London (CNSNews.com) - Libyan dictator Moammar Gaddafi is prepared to make an offer of $3.5 billion in compensation to the families of the victims of the Lockerbie bombing within a month, according to reports Tuesday.
Time magazine cited a leaked letter by lawyers conducting negotiations between the victims' families and Libyan authorities. The magazine reported that Libya is ready to make a "substantial formal offer."
Gaddafi has consistently denied that Libya was behind the attack, even though a former Libyan security agent was convicted of the bombing.
The mid-air explosion of Pan Am Flight 103 over Lockerbie, Scotland in 1988 killed 270 people.
Two Libyans were accused in the attack and one, Abdel Basset al-Megrahi, was convicted and sentenced to 20 years to life in prison by a special Scottish court sitting in the Netherlands. He is serving his sentence in a Glasgow prison cell dubbed the "Gaddafi Cafe."
Scottish judges turned down Al-Megrahi's final appeal in March, and the official investigation is over, paving the way for civil suits on both sides of the Atlantic. The United States and Britain have been involved in compensation talks with Libyan officials since the end of the initial trial last year.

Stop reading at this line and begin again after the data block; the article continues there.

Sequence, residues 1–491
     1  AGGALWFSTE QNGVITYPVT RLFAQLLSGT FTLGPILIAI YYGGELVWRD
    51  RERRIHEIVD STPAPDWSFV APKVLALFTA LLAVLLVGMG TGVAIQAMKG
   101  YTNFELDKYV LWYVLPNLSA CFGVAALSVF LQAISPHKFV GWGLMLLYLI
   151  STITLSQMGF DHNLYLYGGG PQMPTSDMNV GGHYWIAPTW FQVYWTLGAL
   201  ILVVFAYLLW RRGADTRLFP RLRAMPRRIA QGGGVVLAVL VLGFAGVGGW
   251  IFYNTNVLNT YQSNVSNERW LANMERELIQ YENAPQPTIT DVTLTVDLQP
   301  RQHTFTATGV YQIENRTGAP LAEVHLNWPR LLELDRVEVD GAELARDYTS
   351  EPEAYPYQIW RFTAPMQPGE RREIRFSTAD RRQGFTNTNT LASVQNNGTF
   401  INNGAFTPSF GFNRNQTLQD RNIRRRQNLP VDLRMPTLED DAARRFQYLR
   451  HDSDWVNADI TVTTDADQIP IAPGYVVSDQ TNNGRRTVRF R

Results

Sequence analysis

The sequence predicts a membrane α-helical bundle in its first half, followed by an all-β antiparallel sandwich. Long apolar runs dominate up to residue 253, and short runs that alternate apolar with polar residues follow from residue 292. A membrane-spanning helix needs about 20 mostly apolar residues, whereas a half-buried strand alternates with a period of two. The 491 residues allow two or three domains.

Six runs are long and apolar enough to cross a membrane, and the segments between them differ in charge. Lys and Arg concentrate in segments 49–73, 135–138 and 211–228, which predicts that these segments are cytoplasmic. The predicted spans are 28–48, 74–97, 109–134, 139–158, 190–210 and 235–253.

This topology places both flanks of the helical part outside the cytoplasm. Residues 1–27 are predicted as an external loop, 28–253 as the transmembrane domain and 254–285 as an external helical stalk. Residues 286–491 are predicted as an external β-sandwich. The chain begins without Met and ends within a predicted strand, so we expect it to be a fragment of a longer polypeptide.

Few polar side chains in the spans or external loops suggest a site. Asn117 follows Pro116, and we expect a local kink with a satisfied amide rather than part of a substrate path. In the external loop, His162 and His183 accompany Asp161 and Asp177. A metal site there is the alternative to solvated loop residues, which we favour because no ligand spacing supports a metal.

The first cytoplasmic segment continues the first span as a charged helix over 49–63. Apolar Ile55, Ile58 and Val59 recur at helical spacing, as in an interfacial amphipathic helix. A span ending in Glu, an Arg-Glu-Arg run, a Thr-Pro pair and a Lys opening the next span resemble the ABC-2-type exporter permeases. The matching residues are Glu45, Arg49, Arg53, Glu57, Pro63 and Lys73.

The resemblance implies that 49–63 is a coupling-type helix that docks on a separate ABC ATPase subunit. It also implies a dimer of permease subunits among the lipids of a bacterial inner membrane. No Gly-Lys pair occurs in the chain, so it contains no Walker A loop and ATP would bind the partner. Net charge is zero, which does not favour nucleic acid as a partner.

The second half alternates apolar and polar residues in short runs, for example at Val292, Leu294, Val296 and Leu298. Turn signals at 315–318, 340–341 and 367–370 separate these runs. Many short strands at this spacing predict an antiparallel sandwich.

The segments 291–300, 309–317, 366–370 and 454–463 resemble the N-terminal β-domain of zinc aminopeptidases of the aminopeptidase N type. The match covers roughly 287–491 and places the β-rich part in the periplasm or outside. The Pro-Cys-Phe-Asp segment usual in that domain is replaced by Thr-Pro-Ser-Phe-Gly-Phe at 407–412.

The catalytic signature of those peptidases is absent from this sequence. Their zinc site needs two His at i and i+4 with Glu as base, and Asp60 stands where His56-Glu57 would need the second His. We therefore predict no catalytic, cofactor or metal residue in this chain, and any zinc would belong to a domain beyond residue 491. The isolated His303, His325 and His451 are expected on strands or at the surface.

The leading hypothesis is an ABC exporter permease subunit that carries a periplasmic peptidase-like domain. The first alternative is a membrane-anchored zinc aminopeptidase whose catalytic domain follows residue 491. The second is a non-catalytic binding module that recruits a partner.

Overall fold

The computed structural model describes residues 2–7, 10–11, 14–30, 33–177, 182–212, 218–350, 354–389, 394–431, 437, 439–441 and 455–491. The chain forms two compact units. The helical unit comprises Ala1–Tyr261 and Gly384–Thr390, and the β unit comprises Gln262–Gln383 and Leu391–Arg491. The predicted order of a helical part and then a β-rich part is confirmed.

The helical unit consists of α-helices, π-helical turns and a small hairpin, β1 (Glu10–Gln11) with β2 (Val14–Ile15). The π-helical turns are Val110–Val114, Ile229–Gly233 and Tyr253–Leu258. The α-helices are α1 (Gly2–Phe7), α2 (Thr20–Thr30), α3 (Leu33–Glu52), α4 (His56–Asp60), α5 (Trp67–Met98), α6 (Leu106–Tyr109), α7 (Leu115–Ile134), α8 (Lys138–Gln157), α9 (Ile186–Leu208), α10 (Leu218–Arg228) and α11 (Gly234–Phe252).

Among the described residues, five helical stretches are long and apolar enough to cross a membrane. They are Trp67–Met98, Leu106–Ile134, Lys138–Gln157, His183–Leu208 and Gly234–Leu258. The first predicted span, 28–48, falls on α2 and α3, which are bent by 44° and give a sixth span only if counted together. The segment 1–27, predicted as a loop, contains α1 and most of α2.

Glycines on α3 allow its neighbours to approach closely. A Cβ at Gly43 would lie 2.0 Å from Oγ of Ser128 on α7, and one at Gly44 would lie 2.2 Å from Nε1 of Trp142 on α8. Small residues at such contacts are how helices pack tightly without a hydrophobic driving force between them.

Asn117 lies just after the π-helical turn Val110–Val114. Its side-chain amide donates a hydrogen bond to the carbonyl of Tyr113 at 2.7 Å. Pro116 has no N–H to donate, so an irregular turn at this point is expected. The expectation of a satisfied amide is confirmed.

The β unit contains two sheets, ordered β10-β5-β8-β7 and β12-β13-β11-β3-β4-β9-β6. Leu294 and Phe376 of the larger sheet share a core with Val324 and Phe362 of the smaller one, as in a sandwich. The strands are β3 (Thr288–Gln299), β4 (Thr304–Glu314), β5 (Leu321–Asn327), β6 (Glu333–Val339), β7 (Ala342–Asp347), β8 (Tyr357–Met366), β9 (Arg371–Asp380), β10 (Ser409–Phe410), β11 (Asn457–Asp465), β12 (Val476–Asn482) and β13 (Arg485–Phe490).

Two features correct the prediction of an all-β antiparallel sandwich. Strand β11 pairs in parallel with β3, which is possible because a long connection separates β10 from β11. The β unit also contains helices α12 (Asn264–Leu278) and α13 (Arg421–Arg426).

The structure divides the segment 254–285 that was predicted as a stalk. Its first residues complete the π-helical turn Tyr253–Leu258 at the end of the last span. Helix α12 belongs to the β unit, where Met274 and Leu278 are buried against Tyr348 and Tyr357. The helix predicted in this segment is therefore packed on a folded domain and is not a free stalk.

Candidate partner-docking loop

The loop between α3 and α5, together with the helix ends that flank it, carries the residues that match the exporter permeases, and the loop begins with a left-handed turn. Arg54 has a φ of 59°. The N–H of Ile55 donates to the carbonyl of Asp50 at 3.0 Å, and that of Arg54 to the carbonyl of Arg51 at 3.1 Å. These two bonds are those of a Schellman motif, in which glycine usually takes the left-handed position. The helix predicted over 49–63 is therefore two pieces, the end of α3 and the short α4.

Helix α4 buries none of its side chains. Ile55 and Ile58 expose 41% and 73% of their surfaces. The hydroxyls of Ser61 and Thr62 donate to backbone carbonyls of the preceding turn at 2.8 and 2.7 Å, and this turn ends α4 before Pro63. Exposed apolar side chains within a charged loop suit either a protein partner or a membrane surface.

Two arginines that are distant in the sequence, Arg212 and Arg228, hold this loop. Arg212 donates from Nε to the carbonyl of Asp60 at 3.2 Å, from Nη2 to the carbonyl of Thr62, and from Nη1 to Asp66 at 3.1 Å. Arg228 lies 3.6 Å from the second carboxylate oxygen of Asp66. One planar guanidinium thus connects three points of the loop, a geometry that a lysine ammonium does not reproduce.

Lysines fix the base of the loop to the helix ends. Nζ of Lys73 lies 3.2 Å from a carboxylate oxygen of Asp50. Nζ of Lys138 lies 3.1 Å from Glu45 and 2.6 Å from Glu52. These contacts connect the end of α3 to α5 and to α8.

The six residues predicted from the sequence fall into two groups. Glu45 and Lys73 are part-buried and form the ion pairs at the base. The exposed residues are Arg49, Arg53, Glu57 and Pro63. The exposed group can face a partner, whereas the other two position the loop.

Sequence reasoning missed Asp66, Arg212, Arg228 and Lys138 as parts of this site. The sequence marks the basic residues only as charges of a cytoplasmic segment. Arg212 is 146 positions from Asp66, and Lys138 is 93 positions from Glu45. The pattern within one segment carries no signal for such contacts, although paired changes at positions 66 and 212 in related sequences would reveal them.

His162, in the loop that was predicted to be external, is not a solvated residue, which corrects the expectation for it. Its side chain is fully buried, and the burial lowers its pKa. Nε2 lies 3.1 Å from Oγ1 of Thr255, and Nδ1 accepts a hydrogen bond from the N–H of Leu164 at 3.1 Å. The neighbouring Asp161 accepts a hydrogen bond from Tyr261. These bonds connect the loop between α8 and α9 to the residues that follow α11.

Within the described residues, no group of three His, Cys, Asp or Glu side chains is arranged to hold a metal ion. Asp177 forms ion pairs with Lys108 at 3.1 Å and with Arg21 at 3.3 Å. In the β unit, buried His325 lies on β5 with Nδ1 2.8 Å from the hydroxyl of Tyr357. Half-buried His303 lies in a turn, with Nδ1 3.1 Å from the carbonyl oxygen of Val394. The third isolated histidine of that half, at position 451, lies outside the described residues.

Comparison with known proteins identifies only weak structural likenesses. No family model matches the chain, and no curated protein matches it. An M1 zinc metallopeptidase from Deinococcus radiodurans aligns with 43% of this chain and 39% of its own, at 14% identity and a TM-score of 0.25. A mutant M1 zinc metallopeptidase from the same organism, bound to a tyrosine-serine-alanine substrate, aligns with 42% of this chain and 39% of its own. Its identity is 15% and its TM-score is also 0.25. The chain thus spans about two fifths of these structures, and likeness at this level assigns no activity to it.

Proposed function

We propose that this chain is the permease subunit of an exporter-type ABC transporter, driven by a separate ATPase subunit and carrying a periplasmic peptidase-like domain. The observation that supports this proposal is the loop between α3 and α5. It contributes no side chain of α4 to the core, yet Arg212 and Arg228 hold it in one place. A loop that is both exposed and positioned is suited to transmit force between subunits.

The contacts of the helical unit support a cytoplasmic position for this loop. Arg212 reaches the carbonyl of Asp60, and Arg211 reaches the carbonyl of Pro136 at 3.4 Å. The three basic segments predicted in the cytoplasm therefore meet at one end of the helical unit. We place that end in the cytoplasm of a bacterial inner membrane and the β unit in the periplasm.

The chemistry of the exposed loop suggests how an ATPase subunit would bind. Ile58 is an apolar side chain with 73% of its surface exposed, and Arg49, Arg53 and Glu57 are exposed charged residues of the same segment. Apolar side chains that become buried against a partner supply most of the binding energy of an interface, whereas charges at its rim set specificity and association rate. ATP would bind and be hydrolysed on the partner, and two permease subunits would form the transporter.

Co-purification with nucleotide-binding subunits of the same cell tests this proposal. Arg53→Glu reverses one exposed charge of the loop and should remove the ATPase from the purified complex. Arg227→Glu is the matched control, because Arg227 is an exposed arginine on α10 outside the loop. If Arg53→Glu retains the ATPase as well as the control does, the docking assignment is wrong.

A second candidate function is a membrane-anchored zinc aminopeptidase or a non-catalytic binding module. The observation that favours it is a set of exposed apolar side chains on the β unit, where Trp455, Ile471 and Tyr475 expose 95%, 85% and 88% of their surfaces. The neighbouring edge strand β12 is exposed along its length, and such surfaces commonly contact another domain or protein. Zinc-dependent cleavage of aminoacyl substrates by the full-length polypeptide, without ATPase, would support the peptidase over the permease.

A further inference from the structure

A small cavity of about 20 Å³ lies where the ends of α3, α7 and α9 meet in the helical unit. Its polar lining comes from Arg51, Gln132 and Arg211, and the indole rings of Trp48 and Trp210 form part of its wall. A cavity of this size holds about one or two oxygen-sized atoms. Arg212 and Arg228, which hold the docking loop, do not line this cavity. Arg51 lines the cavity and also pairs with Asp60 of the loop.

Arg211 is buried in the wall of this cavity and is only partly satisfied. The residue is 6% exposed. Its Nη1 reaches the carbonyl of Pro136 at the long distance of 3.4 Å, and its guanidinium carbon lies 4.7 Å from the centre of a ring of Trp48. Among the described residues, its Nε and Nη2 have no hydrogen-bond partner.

U.S. officials have said that sanctions, including a ban on oil exports, will remain in place until Libya renounces all support for terrorism, acknowledges responsibility and pays compensation for the bombing and discloses information about Lockerbie and the bombing of a French airliner in Africa in 1989.
A spokesman for the British victims, Jim Swire, said Tuesday that Gaddafi may be seeking to cut a deal in an attempt to lift the U.N. sanctions.
"Clearly he is seeking to get out from under the cloud of Lockerbie by meeting the requirements imposed on his country by the United Nations," Swire told BBC radio. "We had no part in chasing the United Nations to call for compensation and we have had no part in these political discussions.
"The important thing is to keep this new political development in perspective," he said. "Our campaign has always been for truth about what happened and justice for our families."
The U.S.-based organization Victims of Pan Am 103 declined to comment on the Time report Tuesday. Glen Johnson, chairman of the organization, told CNSNews.com in January that the victims had "mixed feelings" about a compensation deal with Libya.
A settlement might prevent additional information about Libya's role in the bombing from being released. On the other hand, Johnson said, a payoff by the Libyan government would greatly benefit the victims' relatives.
"Some of the families do need financial help," he said at the time.
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